An ESG reporting strategy that encompasses sustainability data has several stages and involves many decisions as your company collects, manages and ultimately reports this information. Reporting should be investor-grade — credible and well-supported so that investors and other stakeholders can rely on it when making decisions. While this process should be an integral part of your strategy, it’s a move many companies are thinking about for the first time.
As you contemplate this path forward, consider the benefits that assurance over ESG data provides. Management and boards may gain an independent perspective on their ESG reporting. Investors and other stakeholders (including within the value chain) may get a view of your company’s longer term value creation strategy and insight into the reliability of management’s assertions, data and disclosures.
An assurance engagement, performed by a CPA firm, can also enhance the reliability of company reported ESG data. In PwC’s 2022 Global Investor Survey, 87% of respondents told us they believe corporate reporting contains unsupported sustainability claims. But many of those respondents also said they would have greater confidence in the reporting if there was an independent reasonable (75%) or limited (54%) assurance report. Working with an independent assurance provider to assure ESG data can build trust with key stakeholders at a time when there is skepticism about the thoroughness and accuracy of sustainability disclosures.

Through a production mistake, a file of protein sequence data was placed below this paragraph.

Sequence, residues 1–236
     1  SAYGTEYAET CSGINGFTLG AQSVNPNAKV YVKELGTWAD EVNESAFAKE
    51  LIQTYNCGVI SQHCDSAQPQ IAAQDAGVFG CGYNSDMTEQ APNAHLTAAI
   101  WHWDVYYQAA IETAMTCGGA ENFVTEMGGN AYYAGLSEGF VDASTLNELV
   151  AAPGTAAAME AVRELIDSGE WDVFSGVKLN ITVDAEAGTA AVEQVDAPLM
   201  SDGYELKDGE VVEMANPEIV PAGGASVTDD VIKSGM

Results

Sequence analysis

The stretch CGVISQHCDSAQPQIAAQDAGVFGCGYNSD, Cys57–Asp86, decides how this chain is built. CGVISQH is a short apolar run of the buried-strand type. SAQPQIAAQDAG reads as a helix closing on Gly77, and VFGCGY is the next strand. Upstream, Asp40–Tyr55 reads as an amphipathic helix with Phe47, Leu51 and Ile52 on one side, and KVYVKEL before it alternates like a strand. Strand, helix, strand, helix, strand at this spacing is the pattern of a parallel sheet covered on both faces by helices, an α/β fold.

By today’s standards, companies can, and are, voluntarily reporting ESG data — and that’s a good first step. Transparency is the key to building trust in the marketplace. Companies in the early stages of ESG reporting may be focusing on one or two key metrics while developing a plan to build a more comprehensive reporting process. That’s OK. Reporting will improve over time as enhancements to the process are made.
But companies are coming under regulatory and stakeholder pressure to provide expanded sustainability disclosures and to have their reporting assured by an independent auditor. Many new or proposed global sustainability regulations — including forthcoming SEC climate disclosure rules — may eventually require independent assurance of certain ESG data, such as Scope 1 and Scope 2 greenhouse gas emissions. These regulations may require companies to move from limited to reasonable assurance over time, so now’s the time to start thinking about sustainability assurance.
While companies are familiar with the auditing process for their financial statements, assurance over ESG information may be a relatively new endeavor. That raises the question, who should do the work?
When evaluating candidate firms, your company should consider criteria such as:
Companies should also consult their market’s regulatory requirements that assurance providers must meet.
While it may seem like this decision would come toward the end of your data reporting strategy, there are benefits to involving the firm you select into every stage of the process and well in advance of public facing reporting. Using an existing service provider helps support companies that are often working to streamline year-end reporting processes and reduce the number of third parties involved.